A story posted on Saturday, March 25, 2017 and written by Ben Felder examined the race for the chair of the Oklahoma Democratic Party.
“Our numbers keep declining and declining,” said Mark Henricksen, 62, an Oklahoma City attorney running for the state chair position. “Some would say it’s because we haven’t adequately conveyed a conservative message that resonates with Oklahoma voters. But my own view is we haven’t presented a true contrast to Republicans. Those who want to vote conservative say they will vote for Republicans and go with the real thing. Those that want to vote progressive say, ‘why would I waste the gas to go stand in line if there is no difference between the two?'”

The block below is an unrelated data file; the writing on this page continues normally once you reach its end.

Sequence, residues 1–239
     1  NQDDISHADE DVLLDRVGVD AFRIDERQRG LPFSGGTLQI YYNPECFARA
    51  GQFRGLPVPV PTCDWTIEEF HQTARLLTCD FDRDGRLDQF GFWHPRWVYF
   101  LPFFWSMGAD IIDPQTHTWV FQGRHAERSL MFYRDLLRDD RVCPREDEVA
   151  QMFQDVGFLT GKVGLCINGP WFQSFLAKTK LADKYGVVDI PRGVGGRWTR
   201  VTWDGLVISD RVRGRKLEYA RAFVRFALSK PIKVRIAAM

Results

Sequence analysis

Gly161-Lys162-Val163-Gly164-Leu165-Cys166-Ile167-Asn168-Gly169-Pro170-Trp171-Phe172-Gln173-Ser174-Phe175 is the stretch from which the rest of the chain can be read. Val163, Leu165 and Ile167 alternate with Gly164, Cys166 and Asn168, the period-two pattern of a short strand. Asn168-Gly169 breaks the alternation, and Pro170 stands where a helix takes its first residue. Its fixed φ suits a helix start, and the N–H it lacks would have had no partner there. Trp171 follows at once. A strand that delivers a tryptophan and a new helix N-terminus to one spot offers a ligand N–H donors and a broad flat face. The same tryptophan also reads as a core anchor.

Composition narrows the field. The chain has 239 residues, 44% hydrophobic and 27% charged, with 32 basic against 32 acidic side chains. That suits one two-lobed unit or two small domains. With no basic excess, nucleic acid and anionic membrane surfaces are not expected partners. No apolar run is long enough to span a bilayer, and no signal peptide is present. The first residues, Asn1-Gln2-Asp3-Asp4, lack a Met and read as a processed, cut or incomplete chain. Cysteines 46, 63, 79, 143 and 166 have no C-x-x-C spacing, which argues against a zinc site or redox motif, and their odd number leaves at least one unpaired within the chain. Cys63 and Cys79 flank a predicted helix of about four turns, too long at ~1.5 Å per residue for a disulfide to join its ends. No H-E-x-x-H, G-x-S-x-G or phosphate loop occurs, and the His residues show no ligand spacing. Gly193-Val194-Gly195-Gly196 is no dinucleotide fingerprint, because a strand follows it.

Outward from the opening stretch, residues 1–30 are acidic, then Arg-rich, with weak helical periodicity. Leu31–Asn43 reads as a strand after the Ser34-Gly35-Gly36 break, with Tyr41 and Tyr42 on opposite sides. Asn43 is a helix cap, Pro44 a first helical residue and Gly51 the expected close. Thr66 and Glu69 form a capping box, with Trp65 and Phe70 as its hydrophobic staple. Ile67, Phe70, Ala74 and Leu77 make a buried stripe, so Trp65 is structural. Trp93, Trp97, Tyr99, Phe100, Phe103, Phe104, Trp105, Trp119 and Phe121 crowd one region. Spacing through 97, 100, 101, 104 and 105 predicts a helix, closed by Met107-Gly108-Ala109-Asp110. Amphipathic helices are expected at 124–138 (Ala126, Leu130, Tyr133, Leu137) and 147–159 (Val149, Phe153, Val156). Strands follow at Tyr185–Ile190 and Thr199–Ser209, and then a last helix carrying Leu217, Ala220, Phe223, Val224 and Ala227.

Mark Hammons, 66, who also practices law in Oklahoma City, is the current state chair and is seeking re-election. Campaign manager Anna Langthorn, 24, is also seeking the seat.
But Henricksen said he’s become optimistic over growing crowds at union meetings, party events and the turnout at a woman’s march the day after President Donald Trump’s inauguration.
“I think there is an unmet demand for progressive politics in Oklahoma,” Henricksen said. “I think what unites us is income inequality and a belief that core state services are not being funded.”
Democratic candidates for statewide office in 2018 will no doubt build a campaign on the state government’s tough budget outlook, looking to grow support among those frustrated by school funding cuts, overcrowded prisons and a depletion of health services.
But economic policies might only go so far in a state where the electorate is deeply religious and supportive of socially conservative principles.
Henricksen said he doesn’t see a need to compromise on issues of pro-abortion rights, LGBTQ equality and marijuana legalization.
“I have not become a Democrat in order to be silent on any of these issues,” Hendricksen said.